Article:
There are vast stores of compensating strategies available for anyone to use. Unfortunately, those are rarely talked about – ever – by anybody. And, the reason for this is simple. No one wants anyone else to know they are using them when they are having to actually use them to function – so they don’t talk about it. The example where it is easy to see it – is for those whose shortcoming is illiteracy – they can’t read. Compensating strategies are often developed by people who have that difficulty including pretending they can read to let others see them doing it even though they can’t and tricking others into telling them what it says in the written words without letting on that they actually can’t read it themselves.

Those are easy to recognize compensating strategies because nearly everyone has heard of them where it concerns people who don’t know how to read. But rarely would anyone who has that problem tell of those things they are doing to compensate for it – and tell it honestly because they don’t feel good about why they are having to do it that way. That’s understandable.

So, the point is this – I’m going to write this blog to speak about visual language tools, visual languages (which are not as simple as a picture of an orange meaning an orange), compensating strategies for specifically brain-originating disabilities, visual and adaptive living tools, independent living for people with disabilities and specifically also about the tools that I’ve developed and have on my store for doing it. (Yes, I still use them myself to successfully navigate through each day and each moment of new tasks, new places, new experiences and understanding previous experiences, among other things.)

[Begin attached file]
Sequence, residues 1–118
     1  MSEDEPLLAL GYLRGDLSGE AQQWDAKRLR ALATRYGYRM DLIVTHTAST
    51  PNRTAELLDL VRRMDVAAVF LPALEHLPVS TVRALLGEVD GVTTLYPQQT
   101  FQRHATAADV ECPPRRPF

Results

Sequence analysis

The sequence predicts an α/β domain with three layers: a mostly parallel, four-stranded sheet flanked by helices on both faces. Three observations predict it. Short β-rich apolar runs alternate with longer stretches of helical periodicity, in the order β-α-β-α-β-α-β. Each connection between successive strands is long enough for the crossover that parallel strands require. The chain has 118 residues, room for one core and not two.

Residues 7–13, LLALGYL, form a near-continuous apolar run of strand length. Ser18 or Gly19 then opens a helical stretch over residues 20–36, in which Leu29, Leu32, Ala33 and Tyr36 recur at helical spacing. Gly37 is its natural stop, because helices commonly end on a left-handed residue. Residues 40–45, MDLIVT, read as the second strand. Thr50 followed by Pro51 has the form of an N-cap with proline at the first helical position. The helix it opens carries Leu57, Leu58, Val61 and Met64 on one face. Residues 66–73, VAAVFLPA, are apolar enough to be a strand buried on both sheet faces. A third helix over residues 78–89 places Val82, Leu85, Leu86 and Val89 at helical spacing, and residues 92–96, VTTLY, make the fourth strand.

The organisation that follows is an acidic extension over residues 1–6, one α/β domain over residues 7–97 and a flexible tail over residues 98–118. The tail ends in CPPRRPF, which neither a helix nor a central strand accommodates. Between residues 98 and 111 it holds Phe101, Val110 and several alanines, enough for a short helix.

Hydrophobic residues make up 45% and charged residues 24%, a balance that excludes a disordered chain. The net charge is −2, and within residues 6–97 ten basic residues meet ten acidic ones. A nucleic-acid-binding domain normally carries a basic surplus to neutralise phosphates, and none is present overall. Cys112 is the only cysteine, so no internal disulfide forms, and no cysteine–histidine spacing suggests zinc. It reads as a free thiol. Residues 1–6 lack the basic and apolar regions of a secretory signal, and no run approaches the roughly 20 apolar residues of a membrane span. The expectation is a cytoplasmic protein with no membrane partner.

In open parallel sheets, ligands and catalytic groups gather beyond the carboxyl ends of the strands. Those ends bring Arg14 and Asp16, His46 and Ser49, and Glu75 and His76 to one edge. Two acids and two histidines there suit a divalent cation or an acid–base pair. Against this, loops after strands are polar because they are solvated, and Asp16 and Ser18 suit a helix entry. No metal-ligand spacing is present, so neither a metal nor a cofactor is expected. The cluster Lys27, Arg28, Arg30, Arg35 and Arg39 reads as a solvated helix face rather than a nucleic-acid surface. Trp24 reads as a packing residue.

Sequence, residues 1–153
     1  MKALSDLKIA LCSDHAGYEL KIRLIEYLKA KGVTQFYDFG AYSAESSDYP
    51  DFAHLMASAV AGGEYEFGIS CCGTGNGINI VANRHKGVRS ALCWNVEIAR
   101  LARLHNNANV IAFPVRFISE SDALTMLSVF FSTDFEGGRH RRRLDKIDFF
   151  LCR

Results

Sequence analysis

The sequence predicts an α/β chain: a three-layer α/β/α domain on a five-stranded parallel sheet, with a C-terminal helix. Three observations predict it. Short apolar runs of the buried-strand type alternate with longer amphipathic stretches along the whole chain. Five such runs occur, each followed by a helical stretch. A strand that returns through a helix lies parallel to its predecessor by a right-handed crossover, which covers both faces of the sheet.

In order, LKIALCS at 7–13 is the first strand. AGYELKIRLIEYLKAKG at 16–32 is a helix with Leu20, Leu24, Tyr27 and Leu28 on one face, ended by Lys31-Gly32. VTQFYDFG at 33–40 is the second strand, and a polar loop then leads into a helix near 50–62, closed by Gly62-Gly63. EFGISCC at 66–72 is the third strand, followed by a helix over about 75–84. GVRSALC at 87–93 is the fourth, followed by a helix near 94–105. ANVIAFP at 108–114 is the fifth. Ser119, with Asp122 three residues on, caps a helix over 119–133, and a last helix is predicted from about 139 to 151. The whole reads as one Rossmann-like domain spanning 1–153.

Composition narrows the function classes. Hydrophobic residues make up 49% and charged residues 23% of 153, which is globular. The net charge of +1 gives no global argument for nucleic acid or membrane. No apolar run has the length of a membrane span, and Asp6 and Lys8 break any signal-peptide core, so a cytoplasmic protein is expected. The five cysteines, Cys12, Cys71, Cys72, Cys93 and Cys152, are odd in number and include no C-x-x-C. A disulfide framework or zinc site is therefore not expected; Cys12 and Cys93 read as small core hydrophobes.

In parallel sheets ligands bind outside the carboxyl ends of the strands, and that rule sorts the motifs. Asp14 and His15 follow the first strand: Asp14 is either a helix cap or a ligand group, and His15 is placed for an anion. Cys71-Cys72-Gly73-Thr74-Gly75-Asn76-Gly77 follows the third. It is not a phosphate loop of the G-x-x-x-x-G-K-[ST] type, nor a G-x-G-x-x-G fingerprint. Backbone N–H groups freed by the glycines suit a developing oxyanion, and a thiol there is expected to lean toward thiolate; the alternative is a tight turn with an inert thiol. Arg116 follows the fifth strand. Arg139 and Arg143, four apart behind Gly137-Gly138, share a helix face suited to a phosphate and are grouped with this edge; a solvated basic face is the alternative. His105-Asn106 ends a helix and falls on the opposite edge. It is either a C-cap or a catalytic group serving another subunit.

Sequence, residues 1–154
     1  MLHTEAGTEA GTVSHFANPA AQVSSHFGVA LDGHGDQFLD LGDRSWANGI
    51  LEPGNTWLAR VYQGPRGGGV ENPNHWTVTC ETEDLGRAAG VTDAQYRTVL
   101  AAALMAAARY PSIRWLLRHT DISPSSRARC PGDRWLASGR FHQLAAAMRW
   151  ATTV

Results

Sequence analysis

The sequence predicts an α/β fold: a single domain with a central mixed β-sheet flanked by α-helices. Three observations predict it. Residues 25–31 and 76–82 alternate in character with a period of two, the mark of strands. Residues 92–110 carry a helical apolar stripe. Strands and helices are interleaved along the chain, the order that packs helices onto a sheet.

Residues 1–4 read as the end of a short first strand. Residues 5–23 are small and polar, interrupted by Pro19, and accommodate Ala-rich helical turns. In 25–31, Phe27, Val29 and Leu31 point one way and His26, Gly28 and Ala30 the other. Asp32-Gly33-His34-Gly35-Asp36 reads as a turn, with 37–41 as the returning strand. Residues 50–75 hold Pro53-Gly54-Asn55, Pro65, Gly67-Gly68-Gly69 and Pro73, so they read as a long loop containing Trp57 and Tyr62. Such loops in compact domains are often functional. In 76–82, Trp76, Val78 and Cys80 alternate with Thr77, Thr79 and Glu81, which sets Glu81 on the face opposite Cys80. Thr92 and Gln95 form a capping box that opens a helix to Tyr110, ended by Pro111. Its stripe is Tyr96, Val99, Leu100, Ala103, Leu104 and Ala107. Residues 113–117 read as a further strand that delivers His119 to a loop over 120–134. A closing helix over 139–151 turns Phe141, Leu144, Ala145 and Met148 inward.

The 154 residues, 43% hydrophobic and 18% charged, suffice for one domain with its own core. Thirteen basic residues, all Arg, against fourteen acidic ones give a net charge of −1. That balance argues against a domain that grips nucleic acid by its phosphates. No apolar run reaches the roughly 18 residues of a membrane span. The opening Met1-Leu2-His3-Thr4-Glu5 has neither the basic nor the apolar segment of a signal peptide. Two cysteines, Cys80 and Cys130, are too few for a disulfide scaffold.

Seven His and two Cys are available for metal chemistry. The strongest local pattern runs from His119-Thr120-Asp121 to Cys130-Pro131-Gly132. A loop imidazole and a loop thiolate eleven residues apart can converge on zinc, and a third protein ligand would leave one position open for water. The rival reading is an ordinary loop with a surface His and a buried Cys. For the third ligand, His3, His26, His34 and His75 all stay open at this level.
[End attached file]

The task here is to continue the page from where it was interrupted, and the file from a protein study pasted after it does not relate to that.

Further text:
Not every tool that I use can be put on my store and some of those I’ll just share here in this blog and others can make them or get the pieces and construct them for themselves. Or, if I’ve found it through some manufacturer, store or resources – I’ll just say that and maybe if someone needs those tools, the things can be bought somewhere still. But, where the visual language tools need defining, explaining or for me to describe how I use them – I’ll put it here in this blog when I get to whatever it is and if someone wants to use it that way – fine. And, if they want to change it to use a somewhat different way – fine. And, if they want to use it exactly the opposite way of what works for me – fine. And, if something new or different is created as a result of being inspired to find some solutions that do work – then all the better and definitely what I want most out of all this.